Vibrant melodies emanate from the basement of the Asian Centre at the University of British Columbia on a Wednesday evening, while a local Balinese orchestra known as Gamelan Gita Asmara rehearses. The musicians have shed their shoes in a pile at the entrance of the room, and young children squeal and play as their parents are deep in rehearsal. Sitting cross-legged in the centre of the room, each musician is playing one of the many lustrous bronze instruments. These metallophones, gongs, cymbals and drums are uniquely built, tuned, and played as a cohesive unit collectively known as gamelan.
Gamelan Gita Asmara was founded in 2001 by UBC professor Michael Tenzer, who joined the School of Music in 1996. When asked to comment on the success of their shows, Tenzer simply says that it’s because gamelan is a beautiful musical form with exceptionally high standards for composition, performance, and with “little or no influence from western music.”
The New York City native was introduced to gamelan at age 19 while studying musical composition at Yale University. After overhearing an excited conversation about gamelan, Tenzer rushed out to purchase a record, and says that “within ten minutes I had made a pact with myself to go to Bali and learn how to make the beautiful and challenging sounds that were rushing out of the speakers.” What started as a crush has since turned into a lifelong passion, and over the last 30 years he estimates having collectively spent five years in Bali studying, playing and perfecting his personal art of gamelan. This passion has also led Tenzer to write articles and books about Balinese music, and today he is a well-known scholar, composer and musician of gamelan, sharing his passion and expertise with the broader Vancouver community.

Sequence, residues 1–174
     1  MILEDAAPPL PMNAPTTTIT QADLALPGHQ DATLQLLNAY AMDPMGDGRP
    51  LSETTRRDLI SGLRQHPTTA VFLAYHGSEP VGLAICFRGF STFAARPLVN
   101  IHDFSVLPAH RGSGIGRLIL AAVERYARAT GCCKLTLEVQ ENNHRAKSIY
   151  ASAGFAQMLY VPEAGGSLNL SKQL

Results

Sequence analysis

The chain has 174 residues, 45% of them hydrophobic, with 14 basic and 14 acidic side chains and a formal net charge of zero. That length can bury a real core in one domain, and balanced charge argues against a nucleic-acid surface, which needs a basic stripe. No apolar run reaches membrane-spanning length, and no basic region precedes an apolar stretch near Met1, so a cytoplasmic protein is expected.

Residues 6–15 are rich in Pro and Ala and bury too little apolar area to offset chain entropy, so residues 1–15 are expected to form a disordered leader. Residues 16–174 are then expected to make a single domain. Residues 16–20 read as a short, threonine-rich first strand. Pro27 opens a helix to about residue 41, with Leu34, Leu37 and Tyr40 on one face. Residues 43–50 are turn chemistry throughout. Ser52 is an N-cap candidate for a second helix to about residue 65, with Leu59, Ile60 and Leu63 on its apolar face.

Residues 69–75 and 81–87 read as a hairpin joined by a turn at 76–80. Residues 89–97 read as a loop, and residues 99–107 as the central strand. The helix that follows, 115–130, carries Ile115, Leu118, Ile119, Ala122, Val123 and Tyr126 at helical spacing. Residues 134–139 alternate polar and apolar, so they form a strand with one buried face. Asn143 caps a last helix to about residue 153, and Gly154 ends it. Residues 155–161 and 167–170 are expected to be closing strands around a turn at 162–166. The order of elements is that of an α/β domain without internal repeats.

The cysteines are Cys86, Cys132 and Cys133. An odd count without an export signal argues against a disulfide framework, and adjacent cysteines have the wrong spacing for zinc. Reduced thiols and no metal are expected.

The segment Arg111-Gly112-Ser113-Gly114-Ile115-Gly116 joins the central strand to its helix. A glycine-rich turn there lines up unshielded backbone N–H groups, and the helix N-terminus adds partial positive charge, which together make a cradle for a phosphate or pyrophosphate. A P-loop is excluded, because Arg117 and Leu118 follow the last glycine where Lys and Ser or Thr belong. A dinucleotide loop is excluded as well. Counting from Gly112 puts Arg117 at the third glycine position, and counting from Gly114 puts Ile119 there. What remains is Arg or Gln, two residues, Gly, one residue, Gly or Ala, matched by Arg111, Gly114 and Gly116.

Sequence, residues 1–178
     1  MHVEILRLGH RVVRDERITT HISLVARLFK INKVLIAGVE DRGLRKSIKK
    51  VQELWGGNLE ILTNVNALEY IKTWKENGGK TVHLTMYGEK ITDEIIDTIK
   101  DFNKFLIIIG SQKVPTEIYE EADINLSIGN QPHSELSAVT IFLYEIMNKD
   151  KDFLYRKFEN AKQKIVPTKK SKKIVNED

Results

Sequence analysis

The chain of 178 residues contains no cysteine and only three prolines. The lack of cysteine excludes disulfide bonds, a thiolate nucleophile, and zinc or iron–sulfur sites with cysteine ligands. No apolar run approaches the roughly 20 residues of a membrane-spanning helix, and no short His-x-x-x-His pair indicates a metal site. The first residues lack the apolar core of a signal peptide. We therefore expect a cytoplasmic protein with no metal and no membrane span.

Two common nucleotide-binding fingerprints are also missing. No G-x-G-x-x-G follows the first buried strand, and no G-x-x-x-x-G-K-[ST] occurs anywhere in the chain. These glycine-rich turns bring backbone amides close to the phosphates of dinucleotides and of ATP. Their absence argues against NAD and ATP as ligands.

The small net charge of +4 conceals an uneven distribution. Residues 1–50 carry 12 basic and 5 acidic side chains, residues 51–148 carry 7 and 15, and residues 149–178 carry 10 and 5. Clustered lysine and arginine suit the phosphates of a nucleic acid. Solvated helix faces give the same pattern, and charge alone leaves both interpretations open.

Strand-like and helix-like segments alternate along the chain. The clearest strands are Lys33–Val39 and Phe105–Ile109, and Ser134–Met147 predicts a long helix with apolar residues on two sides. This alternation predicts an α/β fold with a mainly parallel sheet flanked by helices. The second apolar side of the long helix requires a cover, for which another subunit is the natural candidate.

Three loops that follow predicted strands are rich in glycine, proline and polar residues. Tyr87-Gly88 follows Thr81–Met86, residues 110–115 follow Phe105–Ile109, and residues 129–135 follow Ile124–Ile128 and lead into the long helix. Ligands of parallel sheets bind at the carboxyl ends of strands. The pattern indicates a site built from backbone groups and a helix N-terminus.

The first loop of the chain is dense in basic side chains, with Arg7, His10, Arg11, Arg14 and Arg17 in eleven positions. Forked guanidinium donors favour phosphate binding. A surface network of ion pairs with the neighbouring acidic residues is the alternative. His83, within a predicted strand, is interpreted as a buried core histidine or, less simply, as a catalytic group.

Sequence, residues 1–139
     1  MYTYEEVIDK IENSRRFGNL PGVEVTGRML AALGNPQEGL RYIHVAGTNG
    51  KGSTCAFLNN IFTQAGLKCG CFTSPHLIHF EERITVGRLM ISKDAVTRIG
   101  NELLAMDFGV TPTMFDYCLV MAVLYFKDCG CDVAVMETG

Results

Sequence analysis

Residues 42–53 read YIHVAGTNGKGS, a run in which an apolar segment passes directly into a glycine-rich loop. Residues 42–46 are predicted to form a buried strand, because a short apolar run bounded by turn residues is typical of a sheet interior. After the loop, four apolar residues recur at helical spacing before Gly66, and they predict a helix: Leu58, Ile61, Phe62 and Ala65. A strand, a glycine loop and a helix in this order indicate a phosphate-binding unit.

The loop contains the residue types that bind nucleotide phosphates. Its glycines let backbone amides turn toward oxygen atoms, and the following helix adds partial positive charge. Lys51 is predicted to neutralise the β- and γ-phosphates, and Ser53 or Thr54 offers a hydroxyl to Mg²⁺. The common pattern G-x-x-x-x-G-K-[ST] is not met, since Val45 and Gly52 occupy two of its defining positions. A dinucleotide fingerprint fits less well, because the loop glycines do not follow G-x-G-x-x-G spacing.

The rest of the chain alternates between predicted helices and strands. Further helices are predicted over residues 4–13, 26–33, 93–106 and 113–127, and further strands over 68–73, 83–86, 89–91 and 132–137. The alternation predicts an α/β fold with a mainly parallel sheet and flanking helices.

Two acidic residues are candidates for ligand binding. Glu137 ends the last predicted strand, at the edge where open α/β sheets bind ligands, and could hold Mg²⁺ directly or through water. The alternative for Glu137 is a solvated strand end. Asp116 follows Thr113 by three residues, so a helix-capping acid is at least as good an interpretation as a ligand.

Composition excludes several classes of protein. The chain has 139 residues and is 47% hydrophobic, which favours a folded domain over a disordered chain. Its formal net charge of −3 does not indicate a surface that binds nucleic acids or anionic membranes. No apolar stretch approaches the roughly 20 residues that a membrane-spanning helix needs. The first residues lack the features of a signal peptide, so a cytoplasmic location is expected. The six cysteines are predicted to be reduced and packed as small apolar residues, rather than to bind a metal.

Tenzer says the rise of gamelan’s popularity in Vancouver can be traced to Expo 86. At the time, he was finishing his doctorate at the University of California Berkeley, where he also co-founded and directed the music ensemble Gamelan Sekar Jaya. The Indonesian government, having sponsored a pavilion at Expo, invited Tenzer’s group to perform during the fair in Vancouver. Sekar Jaya, along with several other international gamelan groups, formed the first international gamelan festival.
At this mid-week rehearsal at UBC, Tenzer moves effortlessly from one instrument to another, taking hold of them to demonstrate the musical piece through action and repetition. According to him, eventually every gamelan musician “worth his or her salt” knows how to play all of the instruments. This is the traditional relationship between teacher and student for gamelan; there is no musical score and the group learns each piece aurally, replicating what they experience during rehearsals.
It’s a “labour of love,” explains Tenzer. An ability to make the time commitment and to learn the piece through relentless and determined practice is essential to perfecting the musical performance. Gita Asmara’s 25 members meet twice a week over the course of eight months for intense rehearsals that last two and a half hours in order to prepare a piece for performance.
The interlocking rhythms and riveting sounds from this rehearsal session are mesmerizing, complex and tranquil at the same time. The music is enhanced by the movements of elegant Balinese dancers, and it’s this unique combination of music and dance that draws patrons to Gita Asmara’s shows every spring. The collaboration and execution of gamelan is a tremendous challenge to which Tenzer and Gita Asmara triumphantly rise, producing a well-rounded musical experience filled with refined actions and sounds that reverberate within each person who experiences them.